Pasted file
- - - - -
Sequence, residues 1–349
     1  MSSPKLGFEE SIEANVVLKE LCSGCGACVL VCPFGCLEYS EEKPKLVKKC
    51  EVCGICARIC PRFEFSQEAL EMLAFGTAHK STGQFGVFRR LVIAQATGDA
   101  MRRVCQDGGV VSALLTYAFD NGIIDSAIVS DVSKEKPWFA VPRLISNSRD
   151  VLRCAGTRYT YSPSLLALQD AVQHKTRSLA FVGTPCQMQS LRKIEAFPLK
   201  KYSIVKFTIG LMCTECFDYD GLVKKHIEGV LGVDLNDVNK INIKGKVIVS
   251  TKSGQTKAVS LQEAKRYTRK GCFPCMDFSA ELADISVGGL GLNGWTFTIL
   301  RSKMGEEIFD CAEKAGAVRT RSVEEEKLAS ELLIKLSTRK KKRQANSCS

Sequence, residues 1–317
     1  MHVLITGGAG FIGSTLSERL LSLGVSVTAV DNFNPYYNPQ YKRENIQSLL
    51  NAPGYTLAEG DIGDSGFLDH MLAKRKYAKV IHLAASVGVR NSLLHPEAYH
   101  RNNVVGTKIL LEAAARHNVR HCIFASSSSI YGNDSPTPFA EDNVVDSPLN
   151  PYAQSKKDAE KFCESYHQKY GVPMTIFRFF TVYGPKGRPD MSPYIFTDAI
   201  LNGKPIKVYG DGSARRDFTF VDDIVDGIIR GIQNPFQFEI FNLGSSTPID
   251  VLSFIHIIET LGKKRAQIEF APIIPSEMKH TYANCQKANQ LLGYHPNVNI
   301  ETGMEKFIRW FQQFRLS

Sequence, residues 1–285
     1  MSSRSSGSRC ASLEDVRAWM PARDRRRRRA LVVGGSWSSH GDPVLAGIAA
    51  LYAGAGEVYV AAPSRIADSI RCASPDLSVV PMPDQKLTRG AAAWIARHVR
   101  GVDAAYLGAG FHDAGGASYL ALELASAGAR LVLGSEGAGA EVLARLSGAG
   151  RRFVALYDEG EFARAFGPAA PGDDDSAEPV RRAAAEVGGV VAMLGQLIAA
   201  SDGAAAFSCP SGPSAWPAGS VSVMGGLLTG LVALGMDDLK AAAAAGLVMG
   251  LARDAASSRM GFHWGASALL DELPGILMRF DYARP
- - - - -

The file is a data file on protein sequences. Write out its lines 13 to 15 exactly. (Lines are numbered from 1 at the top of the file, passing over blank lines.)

   151  PYAQSKKDAE KFCESYHQKY GVPMTIFRFF TVYGPKGRPD MSPYIFTDAI
   201  LNGKPIKVYG DGSARRDFTF VDDIVDGIIR GIQNPFQFEI FNLGSSTPID
   251  VLSFIHIIET LGKKRAQIEF APIIPSEMKH TYANCQKANQ LLGYHPNVNI